Thus, as Hoole observes repeatedly, the power of Prabhakaran comes from the helplessness of the people. The UTHR is firm in its belief that the LTTE can be defeated only by a 'moral' government that would clean up its act both in the South as well as the North East.

The book ends, almost pathetically, with that oft-quoted passage from the Psalms - ''But the meek spirited shall possess the earth and shall be refreshed in the multitude of peace''.

For all its excesses, the Sri Lankan government has at made promises to adhere to the law while crushing the rebels. Whether it makes good on them remains to be seen. However, Velupillai Prabhakaran's forces have no such constraint. Breathe a word against them, and that could be your last.

Even then, Hoole and his associates have spoken out loud, not wanting to be guilty of the appalling silence that Martin Luther King despaired of. It is a life fraught with danger, and the life that these brave men lead in Colombo must be seen to be believed. Only a serendipitous turn now could make the crusade of the UTHR(J) worth the trouble.

Original in Newindpress on sunday




An impassioned indictment of terror


SRI LANKA: The Arrogance of Power-Myths, Decadence and Murder, by Rajan Hoole. Colombo: University Teachers for Human Rights (Jaffna), 2001, 504 pp., 8,000 rupees (cloth)

During the nearly two decades of Sri Lanka's civil war, more than 60,000 people have died or disappeared, leaving behind wounded families and communities, shrouded in grief and given to revenge. The endless cycle of attacks and reprisals, accusations and hoary justifications have fanned primordial hatreds, made a mockery of the rule of law and left civil society in tatters.
Under such horrific circumstances, where the unimaginable has become ordinary, it is not surprising that there has been a numbing down of political discourse. Does the current ceasefire offer more than a respite?
Given the high stakes of politics in Sri Lanka, where politically motivated killings are far too common, it is surprising that Rajan Hoole, of the University Teachers for Human Rights (Jaffna), is still among us. This courageous effort to explain the origins of the ethnic and political cleavages that have ripped through this once peaceful island paradise with inhuman ferocity, and catalog the horrific consequences of sustained violence, will win him enemies across the political and ethnic spectrum. In this account there are no living heroes and those who dared to stand up for their principles have been ruthlessly cut down before their time.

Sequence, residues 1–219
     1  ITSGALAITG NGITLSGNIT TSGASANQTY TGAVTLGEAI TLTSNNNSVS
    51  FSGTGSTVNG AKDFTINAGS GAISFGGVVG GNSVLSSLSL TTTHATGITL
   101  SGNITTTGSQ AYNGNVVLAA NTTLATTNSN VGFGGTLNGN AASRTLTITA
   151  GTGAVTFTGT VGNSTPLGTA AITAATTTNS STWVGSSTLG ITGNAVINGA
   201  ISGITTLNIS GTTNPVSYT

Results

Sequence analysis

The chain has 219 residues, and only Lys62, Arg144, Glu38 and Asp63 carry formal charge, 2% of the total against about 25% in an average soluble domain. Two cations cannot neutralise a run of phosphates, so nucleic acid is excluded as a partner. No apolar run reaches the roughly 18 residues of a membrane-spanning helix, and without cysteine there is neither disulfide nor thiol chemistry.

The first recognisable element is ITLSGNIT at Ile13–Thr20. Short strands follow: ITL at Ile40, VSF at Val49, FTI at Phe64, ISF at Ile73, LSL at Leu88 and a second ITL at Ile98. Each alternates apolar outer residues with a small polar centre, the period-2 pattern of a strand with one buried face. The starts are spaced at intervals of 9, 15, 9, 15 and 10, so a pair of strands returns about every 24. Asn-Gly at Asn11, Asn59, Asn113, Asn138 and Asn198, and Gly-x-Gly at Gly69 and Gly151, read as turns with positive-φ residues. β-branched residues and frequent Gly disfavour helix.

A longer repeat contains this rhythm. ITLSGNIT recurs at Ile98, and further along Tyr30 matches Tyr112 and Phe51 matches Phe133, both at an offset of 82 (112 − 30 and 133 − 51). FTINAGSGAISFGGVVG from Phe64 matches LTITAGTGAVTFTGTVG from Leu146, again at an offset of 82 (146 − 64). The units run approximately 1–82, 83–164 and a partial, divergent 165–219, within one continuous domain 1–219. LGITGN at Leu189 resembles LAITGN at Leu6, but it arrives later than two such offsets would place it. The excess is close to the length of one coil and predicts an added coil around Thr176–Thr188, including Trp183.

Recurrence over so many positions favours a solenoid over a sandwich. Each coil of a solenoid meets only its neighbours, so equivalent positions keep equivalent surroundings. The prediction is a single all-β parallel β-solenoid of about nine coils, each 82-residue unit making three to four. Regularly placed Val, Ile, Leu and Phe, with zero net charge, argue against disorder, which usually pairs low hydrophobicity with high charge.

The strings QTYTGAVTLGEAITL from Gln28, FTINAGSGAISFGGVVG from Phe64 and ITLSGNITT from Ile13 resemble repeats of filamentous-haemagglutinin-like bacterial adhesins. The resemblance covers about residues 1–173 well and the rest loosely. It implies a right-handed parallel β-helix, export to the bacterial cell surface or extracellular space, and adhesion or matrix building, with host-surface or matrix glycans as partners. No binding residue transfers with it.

Hoole presents his indictment with as much evidence as he has been able to gather under circumstances where perpetrators know no accountability and the victims can only bear silent witness to their crimes. The wealth of both grisly and mundane detail may be too much for general readers, but the author takes care to connect the minutiae with the larger picture, and in doing so lends credibility to his passionately argued analysis. He also honors the victims and their survivors by making sure that this history of injustice and suffering is not forgotten.
Readers unfamiliar with the political landscape may need to come up for air at intervals or risk drowning in acronyms, names and unexplained references, but this is a gripping tale of a society that has plumbed the depths. It is well worth reading for anyone interested in human rights, democracy, ethnic relations and collective psychotic behavior.
The main civil war fought between ethnic Tamils and the majority Sinhalese is traced to grievances stemming from legislative initiatives five decades ago that made many Tamils feel like second-class citizens, and in fact stripped many Tamils of all rights to citizenship. Discrimination against those without Sinhala language skills reinforced perceptions among Tamils that they were being denied equal rights. In the 1970s, the government moved to limit the number of university places for Tamils, who until then had been disproportionately represented in higher education, and followed this initiative by declaring a state of emergency in some Tamil regions. Actions there by the Sinhalese-dominated security forces, and the failure to hold accountable those who resorted to extrajudicial means, further exacerbated ethnic tensions.
It is worth noting that the Tamil community is divided by historical experience and caste; Tamils in the Jaffna Peninsula migrated from India centuries ago, while hill, or tea-estate Tamils were brought over as coolie labor by the British during the colonial era. In general, this latter group has not supported the Tamil insurgency.
Hoole is not a detached observer of events, and bears the scars of someone who has seen far too many friends and colleagues murdered. This is a man who has endured recurring affronts to a deep-felt need for justice in the chaotic purgatory he suddenly woke up in. He is often intemperate and takes no prisoners in presenting his case with the grim determination of a prosecutor. His inflammatory remarks are likely to fuel the flames of righteous indignation that have sustained mutual recriminations for so many years, and lessen the likelihood that target audiences will listen to his often perceptive insights. The powerful criticisms he makes about the government and the Tamil Tigers do not gain from drawing parallels to the Nazis or Idi Amin.